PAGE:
Dichotomous Division

Dichotomous Division


division of the extension of a concept (division of a class, set) into two subordinate (derivative) classes according to the principle of the excluded middle: “A or not-A.” In other words, only that division into two will be dichotomous in which derivative classes are defined by a pair of logically contradictory properties (terms), one of which is used as a basis for the division. Thus, the division of the set of all human beings into males and not-males (on the basis of the attribute of “being a male”) is dichotomous. But the division of such a set into the class of males and the class of females (on the basis of the attribute of sex) is not a dichotomous division. In such a case the bases for division are different, and the property “being a male” does not logically contradict the property “being a female.”;

The last type of division (as an analogy of “division into two”) is sometimes called pseudodichotomous. The results of both types of division may coincide. In this sense, the classification of a certain “division into two” as a dichotomous division (if it is not such “absolutely,” by definition) depends in a number of cases on which assumptions are accepted. Thus, within the framework of the principle of bivalence, pseudodichotomous division of statements into true and false (the basis for division being the truth value of a proposition) is equivalent to their dichotomous division into a class of true and a class of not-true propositions (the basis for division being the property of the proposition “to be true”). But if the principle of bivalence is not accepted, then it is evident that from the point of view of their results these two divisions are clearly different—among the not-true statements may also be those which we have no basis to consider false.

Any pseudodichotomous division may be converted into a dichotomous division, but the converse is not true. This results specifically from the fact that in dichotomous division one of the derivative classes—the complementary class— is always defined negatively (by means of a negative term), while in pseudodichotomous division both classes are defined positively. It is not always possible to replace a negative definition with a positive one. For example, since there is no positive definition of the concept “transcendental function,” there is no pseudodichotomous division corresponding to the dichotomous division of functions into algebraic and transcendental (nonalgebraic).


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By rejecting dichotomous division, Aristotle need not accept that every kind is divisible by two.
The use of ROC curves is based on a dichotomous division of the data, whereas numerical changes over the entire concentration range will not be picked up by such analyses.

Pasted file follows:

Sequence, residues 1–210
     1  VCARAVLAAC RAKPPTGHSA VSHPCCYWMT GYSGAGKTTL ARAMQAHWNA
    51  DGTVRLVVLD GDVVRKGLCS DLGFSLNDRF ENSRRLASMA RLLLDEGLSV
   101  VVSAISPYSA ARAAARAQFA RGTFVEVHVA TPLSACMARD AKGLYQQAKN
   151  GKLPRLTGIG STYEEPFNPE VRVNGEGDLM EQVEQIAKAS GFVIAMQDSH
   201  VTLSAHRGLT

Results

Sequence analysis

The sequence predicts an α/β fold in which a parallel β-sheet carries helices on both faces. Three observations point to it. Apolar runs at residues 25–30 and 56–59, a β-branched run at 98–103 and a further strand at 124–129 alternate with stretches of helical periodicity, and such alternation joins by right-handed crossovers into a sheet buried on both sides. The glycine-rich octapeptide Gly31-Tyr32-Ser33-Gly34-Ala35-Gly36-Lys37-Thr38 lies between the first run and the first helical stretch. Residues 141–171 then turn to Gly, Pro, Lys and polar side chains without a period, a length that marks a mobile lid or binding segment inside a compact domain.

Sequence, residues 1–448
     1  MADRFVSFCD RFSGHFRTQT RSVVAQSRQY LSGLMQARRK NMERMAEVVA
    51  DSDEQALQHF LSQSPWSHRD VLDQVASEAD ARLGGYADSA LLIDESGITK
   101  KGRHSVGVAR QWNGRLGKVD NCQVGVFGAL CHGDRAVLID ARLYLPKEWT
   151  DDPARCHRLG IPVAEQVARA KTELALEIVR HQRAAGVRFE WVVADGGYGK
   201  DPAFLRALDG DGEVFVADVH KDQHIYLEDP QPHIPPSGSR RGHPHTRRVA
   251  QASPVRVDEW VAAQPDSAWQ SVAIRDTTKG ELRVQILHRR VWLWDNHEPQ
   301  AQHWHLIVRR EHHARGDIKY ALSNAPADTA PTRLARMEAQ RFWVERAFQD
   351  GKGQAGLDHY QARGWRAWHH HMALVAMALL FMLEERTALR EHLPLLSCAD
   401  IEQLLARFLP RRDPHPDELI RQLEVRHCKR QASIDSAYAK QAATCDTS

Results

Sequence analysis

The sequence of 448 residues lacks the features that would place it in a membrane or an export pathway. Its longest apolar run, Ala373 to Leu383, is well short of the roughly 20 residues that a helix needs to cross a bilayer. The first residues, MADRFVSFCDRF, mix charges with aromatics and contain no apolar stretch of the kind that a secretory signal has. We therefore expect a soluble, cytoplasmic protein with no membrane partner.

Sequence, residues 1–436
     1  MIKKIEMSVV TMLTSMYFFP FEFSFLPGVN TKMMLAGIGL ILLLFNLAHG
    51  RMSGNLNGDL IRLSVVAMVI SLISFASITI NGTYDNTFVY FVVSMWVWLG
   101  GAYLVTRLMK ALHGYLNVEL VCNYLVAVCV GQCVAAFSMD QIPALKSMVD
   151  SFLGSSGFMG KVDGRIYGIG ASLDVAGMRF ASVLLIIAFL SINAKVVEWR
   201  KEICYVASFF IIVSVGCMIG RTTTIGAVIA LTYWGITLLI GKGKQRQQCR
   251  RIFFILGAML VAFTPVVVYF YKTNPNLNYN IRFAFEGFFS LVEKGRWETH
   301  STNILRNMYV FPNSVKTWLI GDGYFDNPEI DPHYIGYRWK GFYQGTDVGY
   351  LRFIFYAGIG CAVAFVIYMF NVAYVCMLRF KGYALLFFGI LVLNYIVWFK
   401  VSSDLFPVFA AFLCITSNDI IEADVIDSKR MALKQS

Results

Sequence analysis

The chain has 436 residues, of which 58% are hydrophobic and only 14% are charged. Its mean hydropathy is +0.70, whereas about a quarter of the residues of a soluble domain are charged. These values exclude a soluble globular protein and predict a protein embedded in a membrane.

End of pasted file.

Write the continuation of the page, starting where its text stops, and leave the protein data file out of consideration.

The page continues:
In the first book of the Parts of Animals Aristotle lays out his objections to the system of dichotomous division.
The great strength of the older, strict form of dichotomous division is that it prevents the kinds of slipshod divisions we find in Plato's Sophist, divisions in which the successive differentiae bear no essential relationship to their predecessors; that is, dichotomous division prevents the definiendum from falling into a heap of unrelated features having no conceptual unity.
In dichotomous division the sub-genera become more and more distantly removed from one another with each successive division, and since the sub-differentiae of each sub-genus are unique, the sub-groups have less and less to do with one another.
Vladimir Kompanichenko's paper, "Origin of Planetary Systems Due to Dichotomous Division of Ejected Superheat Mass," is interesting.
The dichotomous division of giant stars to smaller stars could be possible and logical.
It is still premature to suggest a strictly dichotomous division of specific activities'.
Outcomes were thus determined directly by partial evaluations of cost, reward and control, rather than through a shared mission of improvement to end insecurity, or according to a dichotomous division determined by skill and standing.
In one notable article, "Origin of Planetary Systems due to Dichotomous Division of the Ejected Superheat Mass," author Vladimir Kompanichenko brings to light the dichotomous conception and explains main regularities of the solar system structure, including angular momentum distribution, position of the asteroid belt between the orbits of Mars and Jupiter, and opposite rotation of Venus and Uranus around their axes.
After the terminal bronchiole, the following seven generations of dichotomous divisions are called respiratory bronchioles and serve the gas-exchanging parenchyma consisting of budding alveoli.
The taxonomy is constructed through a series of dichotomous divisions, the broadest of which is between descriptive and non-descriptive ethical theories.